When we discuss the task of the Church in a city, immediately we are struck by the necessity to address both macro and micro issues. In choosing to “address” the city, we need to remember two foundational issues that are often overlooked by God’s people living in metropolitan areas.
First, it is obvious that we need to place each individual city in its own context yet understand its place in the larger urban system. Because of globalisation, no metropolitan area exists in isolation from others. When someone asks you where you live, the answer depends not only on where you are but also on who you are talking to. For example, you would tell a neighbour which street you live on, a person from your region which community you live in, from your country, you would say which province or state you live in, or you would probably name the metropolitan center closest to your place of residence. Each “address” tells something about you: the living environment, the languages you use on a day-to-day basis, your lifestyle and perhaps your social status. Whether one approaches this subject from a perspective of what is happening globally, in city/regions across the world and then more locally, to one’s own municipality, or work in the reverse order, is not all that important. What is important is to see the interrelationships among the different addresses in which we live, from local to national to global. It is also important to adjust these “addresses” for the audience in question.
Second, when the Church addresses the city, we must direct our attention to urban realities. We also need to understand our own assumptions and framework. As we have seen, we will always want to keep our focus on a biblical perspective on cities.
Cities, Towns and City/Regions
Richard Sennett defines a city as a human settlement in which strangers are likely to meet. The United Nations Population Fund documents the diversity of definitions for an urban category in its 1996 State of the World Population report. British urbanologist David Clark (1996) has clarified many of these issues in his most recent book. He calls a population of fifty thousand people or less a town or a village. On the other hand, cities are human agglomerations that have up to 200,000 residents. A metropolitan area or city/region has more than two million people, but a megalopolis is an urban region over five million. These distinctions are helpful because a country like Norway considers any human settlement of two hundred people as urban while Bénin, for example, only uses “urban” for places of ten thousand people or more.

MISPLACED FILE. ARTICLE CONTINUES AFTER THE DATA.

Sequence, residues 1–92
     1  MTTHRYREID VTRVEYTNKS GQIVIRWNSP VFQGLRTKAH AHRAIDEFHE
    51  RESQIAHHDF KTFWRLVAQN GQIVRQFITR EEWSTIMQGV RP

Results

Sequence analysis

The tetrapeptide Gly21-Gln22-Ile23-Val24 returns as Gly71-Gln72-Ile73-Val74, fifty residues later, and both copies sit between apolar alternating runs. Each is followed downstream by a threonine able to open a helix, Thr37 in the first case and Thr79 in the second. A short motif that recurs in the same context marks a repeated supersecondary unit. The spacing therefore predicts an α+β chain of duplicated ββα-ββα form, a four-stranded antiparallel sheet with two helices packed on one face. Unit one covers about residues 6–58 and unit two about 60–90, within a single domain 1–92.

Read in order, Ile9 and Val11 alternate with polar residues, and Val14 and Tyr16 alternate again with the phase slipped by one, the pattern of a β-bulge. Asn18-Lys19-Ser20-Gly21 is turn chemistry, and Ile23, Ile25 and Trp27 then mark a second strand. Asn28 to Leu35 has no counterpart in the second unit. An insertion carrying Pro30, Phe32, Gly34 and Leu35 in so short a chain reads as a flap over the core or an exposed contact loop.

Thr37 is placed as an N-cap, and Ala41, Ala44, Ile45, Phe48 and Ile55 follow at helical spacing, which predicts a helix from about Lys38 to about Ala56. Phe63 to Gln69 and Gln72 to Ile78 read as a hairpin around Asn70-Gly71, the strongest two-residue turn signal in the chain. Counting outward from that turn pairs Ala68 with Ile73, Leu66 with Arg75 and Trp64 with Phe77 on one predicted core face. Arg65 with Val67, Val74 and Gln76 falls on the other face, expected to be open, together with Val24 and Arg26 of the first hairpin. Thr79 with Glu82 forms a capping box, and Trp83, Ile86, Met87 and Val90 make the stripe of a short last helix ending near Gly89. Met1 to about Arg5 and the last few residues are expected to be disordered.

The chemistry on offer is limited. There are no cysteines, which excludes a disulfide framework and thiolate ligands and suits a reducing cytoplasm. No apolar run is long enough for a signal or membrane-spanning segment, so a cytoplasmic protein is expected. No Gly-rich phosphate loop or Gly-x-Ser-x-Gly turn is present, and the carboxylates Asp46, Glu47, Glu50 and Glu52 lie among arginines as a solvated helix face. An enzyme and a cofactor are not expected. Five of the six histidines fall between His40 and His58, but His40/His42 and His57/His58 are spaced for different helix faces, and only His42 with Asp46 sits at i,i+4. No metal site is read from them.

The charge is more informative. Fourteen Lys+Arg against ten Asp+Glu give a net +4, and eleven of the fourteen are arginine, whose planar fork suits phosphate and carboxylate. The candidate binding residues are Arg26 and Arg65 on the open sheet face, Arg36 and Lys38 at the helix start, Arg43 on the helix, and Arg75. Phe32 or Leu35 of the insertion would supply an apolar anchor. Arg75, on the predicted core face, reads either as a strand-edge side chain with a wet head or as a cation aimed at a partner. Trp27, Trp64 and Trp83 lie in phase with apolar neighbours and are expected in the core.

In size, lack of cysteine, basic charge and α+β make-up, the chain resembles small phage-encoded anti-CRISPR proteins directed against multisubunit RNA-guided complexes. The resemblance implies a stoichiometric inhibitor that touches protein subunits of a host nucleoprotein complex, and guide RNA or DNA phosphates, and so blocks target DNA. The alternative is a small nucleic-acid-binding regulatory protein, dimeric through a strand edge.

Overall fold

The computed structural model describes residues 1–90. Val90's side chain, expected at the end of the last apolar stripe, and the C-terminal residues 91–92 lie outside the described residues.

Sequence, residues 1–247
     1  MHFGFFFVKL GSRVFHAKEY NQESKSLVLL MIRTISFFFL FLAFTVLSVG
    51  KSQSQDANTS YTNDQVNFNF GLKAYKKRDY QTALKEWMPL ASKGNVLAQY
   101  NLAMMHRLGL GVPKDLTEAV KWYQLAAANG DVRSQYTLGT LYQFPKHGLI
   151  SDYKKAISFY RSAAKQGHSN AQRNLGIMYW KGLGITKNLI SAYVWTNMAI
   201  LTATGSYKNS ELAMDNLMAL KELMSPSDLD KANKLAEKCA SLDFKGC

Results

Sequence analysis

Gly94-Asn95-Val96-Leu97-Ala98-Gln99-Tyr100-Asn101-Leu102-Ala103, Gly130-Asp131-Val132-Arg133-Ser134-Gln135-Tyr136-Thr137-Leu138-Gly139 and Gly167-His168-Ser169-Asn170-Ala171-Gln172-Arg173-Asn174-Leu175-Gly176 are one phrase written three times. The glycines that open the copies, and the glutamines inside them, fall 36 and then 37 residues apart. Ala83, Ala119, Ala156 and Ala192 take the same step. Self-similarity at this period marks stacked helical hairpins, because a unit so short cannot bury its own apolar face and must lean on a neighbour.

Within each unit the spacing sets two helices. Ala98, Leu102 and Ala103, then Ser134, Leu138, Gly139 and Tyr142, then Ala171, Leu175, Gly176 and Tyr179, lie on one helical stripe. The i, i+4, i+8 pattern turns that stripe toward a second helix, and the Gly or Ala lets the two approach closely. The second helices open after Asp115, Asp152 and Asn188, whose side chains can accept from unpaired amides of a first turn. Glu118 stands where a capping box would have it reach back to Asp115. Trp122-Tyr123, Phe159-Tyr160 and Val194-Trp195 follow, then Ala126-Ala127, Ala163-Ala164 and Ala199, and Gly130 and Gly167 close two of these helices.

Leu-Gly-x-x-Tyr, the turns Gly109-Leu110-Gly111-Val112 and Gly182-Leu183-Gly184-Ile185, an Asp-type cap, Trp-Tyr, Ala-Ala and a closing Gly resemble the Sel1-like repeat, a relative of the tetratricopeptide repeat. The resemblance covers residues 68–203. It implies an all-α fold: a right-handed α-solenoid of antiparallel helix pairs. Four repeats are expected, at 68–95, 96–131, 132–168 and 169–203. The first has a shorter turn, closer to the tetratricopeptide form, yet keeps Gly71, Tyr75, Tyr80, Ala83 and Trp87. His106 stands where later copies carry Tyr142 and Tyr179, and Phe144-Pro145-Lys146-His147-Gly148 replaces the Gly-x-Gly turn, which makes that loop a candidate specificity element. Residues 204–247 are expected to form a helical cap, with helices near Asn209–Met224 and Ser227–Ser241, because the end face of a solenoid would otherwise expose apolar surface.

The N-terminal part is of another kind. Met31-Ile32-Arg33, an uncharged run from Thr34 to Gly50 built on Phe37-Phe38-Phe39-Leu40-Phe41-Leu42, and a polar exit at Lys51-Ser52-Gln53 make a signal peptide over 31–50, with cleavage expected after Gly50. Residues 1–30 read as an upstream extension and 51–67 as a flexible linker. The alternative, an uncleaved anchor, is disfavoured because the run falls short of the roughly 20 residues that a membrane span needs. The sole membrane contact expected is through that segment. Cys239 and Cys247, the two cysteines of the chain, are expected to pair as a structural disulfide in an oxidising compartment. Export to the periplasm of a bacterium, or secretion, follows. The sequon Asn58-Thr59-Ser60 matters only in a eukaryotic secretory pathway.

Beyond definitions and the demographic function of cities known as “urban growth,” one may ask, “What is happening in our city/regions?” What were the conditions inherited from the past which have been transformed in these last thirty years that help us understand its present state? This is a fundamental question we need to explore if we are to understand the cultural context in which the Church finds itself. Our concern points in a further direction with a second question: “How will the Church reflect biblically and pursue relevant urban mission in the years ahead?”
Beyond definitions and demographic function of cities known as “urban growth,” one may ask, “What is happening in our city/regions?”
To answer these two questions, an attentive practitioner can use an ethnographic analysis of the culture in order to understand how social structures and human behaviour interact and influence a city. An ethnographic method is an excellent tool for the Christian practitioner who desires to study the knowledge and practices of people and the ways they use their freedom to dominate, transform, organize, arrange and master space for their personal pursuits. All people do these things so as to live, protect themselves, survive, produce and reproduce. To be successful one must master dominant tendencies so as to grasp where we have come from and where we are going as a society and what the mission of God in this culture will look like (see Lingenfelter in Greenway 1992; Bakke, Pownall and Smith 1996).